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We report an accidental intra-arterial injection of phenytoin in a 43-year-old woman undergoing ventriculoperitoneal shunt for hydrocephalus. To flush the arterial line with heparin, mistakenly phenytoin was injected which caused cutaneous gangrene along the radial side of the forearm and an absence of pulsation in the radial artery. After flushing the artery with normal saline and lidocaine, the patient was transferred to the Intensive Care Unit. There the patient was put on intravenous heparin that resolved the problem leading to complete recovery of the patient. The case is being reported to emphasize the importance of close surveillance in injecting drugs through the arterial line access.
Craniotomies, especially supratentorial ones are associated with a high-risk of subsequent seizure. About 20-50% of the patients have at least one seizure postoperatively,[1,2] which mandated a prophylactic dose of phenytoin in this particular case. Mistakenly phenytoin was injected into the radial artery to flush the arterial line, on the erroneous assumption that it was heparin. Intra-arterial injection of phenytoin has been reported in the literature, leading to gangrene, and amputation of the digits.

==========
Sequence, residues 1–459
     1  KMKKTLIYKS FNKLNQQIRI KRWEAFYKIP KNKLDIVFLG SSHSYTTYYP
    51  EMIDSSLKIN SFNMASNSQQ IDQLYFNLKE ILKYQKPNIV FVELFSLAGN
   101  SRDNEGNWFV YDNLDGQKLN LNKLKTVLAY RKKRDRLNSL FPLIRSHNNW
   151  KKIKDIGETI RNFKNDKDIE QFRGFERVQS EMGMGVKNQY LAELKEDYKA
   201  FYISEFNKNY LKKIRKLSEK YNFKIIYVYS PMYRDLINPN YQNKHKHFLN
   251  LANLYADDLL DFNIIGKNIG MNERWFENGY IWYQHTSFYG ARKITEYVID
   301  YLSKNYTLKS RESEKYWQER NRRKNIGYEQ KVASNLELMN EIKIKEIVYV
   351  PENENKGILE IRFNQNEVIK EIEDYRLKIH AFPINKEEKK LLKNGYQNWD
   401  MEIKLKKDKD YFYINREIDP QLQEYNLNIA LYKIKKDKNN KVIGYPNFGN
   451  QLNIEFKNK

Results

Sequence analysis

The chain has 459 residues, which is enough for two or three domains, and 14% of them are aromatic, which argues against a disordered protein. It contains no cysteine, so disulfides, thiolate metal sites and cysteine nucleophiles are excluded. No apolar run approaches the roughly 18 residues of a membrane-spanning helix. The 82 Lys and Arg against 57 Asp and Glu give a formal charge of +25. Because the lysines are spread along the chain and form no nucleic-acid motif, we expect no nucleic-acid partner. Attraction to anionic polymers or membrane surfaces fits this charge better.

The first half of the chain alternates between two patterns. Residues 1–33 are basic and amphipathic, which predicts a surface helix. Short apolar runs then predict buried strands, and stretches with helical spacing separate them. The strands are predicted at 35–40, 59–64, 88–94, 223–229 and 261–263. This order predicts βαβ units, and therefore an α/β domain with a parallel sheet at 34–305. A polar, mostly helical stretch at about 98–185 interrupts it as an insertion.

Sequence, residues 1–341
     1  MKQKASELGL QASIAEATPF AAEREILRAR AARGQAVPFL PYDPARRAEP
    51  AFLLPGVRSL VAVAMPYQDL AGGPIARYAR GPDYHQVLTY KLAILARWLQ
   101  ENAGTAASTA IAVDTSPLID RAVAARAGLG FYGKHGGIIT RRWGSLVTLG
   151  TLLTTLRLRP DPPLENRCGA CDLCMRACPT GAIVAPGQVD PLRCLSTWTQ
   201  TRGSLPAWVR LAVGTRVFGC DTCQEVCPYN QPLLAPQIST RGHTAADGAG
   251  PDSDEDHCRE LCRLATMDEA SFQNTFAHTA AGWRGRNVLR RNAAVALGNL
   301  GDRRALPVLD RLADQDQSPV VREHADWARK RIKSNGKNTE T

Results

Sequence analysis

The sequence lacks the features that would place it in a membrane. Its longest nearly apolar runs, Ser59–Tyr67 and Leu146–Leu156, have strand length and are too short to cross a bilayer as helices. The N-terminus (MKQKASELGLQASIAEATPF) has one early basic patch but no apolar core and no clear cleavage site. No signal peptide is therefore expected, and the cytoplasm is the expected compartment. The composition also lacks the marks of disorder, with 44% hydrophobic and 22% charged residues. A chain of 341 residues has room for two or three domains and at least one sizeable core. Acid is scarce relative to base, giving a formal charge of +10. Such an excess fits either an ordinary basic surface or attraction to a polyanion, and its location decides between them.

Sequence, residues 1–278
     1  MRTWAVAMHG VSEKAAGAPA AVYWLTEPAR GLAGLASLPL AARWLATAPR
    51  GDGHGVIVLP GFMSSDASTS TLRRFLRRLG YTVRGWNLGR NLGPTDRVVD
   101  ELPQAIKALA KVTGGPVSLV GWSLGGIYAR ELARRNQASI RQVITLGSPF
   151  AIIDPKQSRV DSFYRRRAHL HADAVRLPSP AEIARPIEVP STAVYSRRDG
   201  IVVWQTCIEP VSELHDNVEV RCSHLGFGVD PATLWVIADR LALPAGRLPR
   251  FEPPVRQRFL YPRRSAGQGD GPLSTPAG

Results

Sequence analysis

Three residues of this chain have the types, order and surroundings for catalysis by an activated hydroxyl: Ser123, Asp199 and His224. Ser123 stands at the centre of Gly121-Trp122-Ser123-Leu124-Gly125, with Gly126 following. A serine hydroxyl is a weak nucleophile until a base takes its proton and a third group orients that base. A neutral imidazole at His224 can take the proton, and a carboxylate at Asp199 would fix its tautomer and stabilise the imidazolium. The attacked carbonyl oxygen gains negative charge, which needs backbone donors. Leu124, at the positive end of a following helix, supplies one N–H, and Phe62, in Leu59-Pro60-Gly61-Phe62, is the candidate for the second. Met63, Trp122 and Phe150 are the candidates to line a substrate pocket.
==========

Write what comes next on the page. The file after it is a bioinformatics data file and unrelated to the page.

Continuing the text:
A 43-year-old woman with raised intracranial pressure was scheduled to undergo ventriculoperitoneal shunt under general anesthesia. After induction of anesthesia, a 16G cannula was inserted into the radial artery and fixed for invasive blood pressure monitoring. The anesthesia staff inadvertently injected 4 ml of phenytoin sodium solution (200 mg) instead of heparin to flush the arterial line access during surgery. After injection, the erratum was immediately recognized, and the arterial line was flushed with 20 ml of normal saline and 0.5% lidocaine. The arterial line was maintained until the patient recovered after general anesthesia and later on unplugged. Fifteen minutes after injection of phenytoin, a red discoloration of the thenar eminence, thumb, index finger, and radial side of the forearm appeared [Figure 1] along with the absence of a pulse at the radial artery. However, the pulse oximetry continued to give correct readings. Suspecting an evolving gangrene of the forearm, we started a therapeutic dose of intravenous heparin (80 unit/kg bolus and then 18 unit/kg/h as an infusion to reach an intended INR of 2-3).
A color Doppler scan of the left forearm was done on day 2 of surgery, revealing thrombosis of the radial artery with a compensatory increase in flow in the ulnar division. Suspecting compartment syndrome, we tried to warm up the affected region with hot towels and placing the hand in an elevated position so as to improve drainage of the affected forearm that was showing signs of increased girth measured with a tape. Nonsteroidal anti-inflammatory drugs were also given as the patient complained of excruciating pain, in the entire forearm.